For 35 years, she was known only as Blue Earth Jane Doe.

On Tuesday, authorities finally gave her a name.

New DNA testing proved that the badly decomposed body found in a southern Minnesota drainage ditch on Memorial Day 1980 had been Michelle Y. Busha, an 18-year-old Texan who was hitchhiking across the country, authorities announced at a news conference Tuesday.

Busha was found about a mile downstream from where she was handcuffed, raped and strangled by a state trooper after she rebuffed his sexual advances, according to officials of the state Bureau of Criminal Apprehension.

The trooper had stripped his ­victim of everything he could to deny investigators any chance to identify her at the time.

The woman's body was exhumed in August from a Blue Earth cemetery, and authorities made a DNA match that revealed Busha's identity.

"We have some answers after 35 years of waiting," said Catherine Knutson, BCA Forensic Science Services director, after putting a name to the victim who spent years in a grave site marked "Unknown Caucasian female."

Robert LeRoy Nelson was charged eight years after the slaying, in 1988. He eventually pleaded guilty to first-degree manslaughter in the death of Busha.

Nelson, 43 at the time he was charged, was sentenced to life in prison. He is in a prison north of Houston, Texas, where he is also serving a separate sexual assault sentence.

"This was not a case of who done it, but who was she," Faribault County Sheriff Michael Gormley said.

Gormley said Busha's relatives are "glad to know where she is at now. They were surprised that she was up here."

In his confession, Nelson said he saw a woman exit a vehicle along the interstate near the Bricelyn overpass. He said he approached and offered her a ride, which she accepted. Nelson detailed how he sexually assaulted, handcuffed and killed Busha before dumping her in the drainage ditch. Her naked body washed up after heavy rains some time later and was discovered by a farmer, floating among corn stubble and grass.

Busha's body was exhumed as part of the BCA's unidentified human remains program. The exhumation led to a positive hit from the national DNA database, connecting Busha to her family. Two relatives had submitted samples to the database in 2007. Authorities also had blood from the crime scene.

"Advances in forensic science led us to information we couldn't obtain in 1980," Knutson said. "Key to our success was Michelle's family's decision to provide DNA samples. Without that information in the system, we would not know who she is today."

After the killing, Nelson moved with his wife and three children to Vergas in northwestern Minnesota, where he worked out of the State Patrol office in Detroit Lakes. He later joined the Into the Light Ministries, a small Christian end-times ministry founded by a former pop musician. Nelson resigned from the patrol in 1985, sold the family belongings at auction and moved to Texas with the group.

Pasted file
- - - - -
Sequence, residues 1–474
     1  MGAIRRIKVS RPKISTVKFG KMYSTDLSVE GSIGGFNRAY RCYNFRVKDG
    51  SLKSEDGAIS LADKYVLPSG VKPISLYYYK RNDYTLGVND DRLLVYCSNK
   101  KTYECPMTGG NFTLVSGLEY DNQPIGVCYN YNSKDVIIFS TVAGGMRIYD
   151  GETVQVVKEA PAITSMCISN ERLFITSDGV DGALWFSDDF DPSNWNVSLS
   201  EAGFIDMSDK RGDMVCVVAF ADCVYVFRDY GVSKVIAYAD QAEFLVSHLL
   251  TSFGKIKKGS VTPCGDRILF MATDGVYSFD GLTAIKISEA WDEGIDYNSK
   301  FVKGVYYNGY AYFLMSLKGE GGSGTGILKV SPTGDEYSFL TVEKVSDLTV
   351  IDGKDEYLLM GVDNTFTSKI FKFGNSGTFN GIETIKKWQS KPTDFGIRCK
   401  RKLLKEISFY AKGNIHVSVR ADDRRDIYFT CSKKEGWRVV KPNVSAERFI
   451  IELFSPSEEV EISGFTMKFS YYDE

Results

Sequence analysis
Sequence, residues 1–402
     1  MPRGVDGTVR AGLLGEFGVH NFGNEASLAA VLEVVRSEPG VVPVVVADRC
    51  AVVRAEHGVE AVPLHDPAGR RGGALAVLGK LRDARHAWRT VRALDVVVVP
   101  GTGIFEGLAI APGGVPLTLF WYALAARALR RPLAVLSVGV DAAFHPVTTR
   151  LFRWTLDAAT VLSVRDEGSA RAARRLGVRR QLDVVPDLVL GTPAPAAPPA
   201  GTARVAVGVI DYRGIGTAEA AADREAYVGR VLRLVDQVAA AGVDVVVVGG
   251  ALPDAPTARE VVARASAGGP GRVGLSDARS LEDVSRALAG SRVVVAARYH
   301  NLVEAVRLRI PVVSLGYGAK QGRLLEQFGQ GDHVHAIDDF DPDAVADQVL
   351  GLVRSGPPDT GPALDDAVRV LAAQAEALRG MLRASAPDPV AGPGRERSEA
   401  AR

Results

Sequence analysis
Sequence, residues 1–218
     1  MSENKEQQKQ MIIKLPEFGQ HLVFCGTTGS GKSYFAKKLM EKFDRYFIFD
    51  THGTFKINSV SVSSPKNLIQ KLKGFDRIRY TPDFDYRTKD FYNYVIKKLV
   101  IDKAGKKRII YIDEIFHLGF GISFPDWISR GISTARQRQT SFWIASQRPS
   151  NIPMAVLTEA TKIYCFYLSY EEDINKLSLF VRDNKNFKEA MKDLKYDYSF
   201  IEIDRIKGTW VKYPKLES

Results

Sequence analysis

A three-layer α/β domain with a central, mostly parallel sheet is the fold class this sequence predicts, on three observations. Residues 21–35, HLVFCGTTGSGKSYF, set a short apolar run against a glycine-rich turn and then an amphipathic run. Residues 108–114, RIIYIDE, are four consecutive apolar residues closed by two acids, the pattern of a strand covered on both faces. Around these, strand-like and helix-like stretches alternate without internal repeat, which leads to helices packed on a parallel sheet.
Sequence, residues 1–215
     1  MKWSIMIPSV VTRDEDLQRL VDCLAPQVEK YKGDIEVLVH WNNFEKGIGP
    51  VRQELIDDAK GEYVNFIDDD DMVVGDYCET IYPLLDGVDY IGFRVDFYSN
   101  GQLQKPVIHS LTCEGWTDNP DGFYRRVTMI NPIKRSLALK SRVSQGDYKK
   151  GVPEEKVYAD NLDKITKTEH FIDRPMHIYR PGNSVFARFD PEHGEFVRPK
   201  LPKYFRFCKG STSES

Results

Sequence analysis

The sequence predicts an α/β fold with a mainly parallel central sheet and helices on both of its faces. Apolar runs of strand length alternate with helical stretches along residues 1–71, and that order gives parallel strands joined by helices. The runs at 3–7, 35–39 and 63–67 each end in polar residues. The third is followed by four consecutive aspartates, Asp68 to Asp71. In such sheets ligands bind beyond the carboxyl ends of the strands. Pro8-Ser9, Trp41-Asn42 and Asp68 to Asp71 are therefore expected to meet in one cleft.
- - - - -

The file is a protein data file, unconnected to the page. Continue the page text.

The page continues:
Nelson confessed to being responsible for a Minnesota slaying while being ­questioned in Texas in June 1988 for sexually assaulting a child. He also was charged and later convicted in Faribault County in another case involving sexual assault.

Jerry Kabe, a retired Faribault County sheriff's deputy and the lead investigator in the 1980 killing, said Nelson had thrown away Busha's clothes, jewelry and purse, robbing investigators of any clues to identify her.

At the time, authorities hoped to identify her through her dental records or fingerprints, but were unsuccessful.

"Back in the '80s, missing persons cases were not treated the same way they are today, mostly because options were so limited," Knutson said.

DNA technology has also come a long way, she said.

In the 1980s, Knutson said, authorities "would need a stain about the size of a quarter … in order to get enough information about identity."

Recent scientific advancements have shrunk the needed sample size down to the tip of a ballpoint pen, she said.

The story caught the eye of Deborah Anderson, a Blue Earth resident who says she became intrigued after an old police friend mentioned the case.

After visiting Busha's grave site, Anderson devoted herself to finding out her true identity, passing out fliers and registering her case on national missing persons clearinghouses.

Anderson says that she has spoken with Busha's sister since the news was announced and said they were having a difficult time coming to grips with the "bittersweet ending."

The grisly murder left an imprint on law enforcement, too.

Kabe, now 75, said the slaying kept him up many nights.

"A murder like that doesn't leave your mind," he said. "You live with it."

Authorities said the next step will be to return Busha's remains to her native Texas.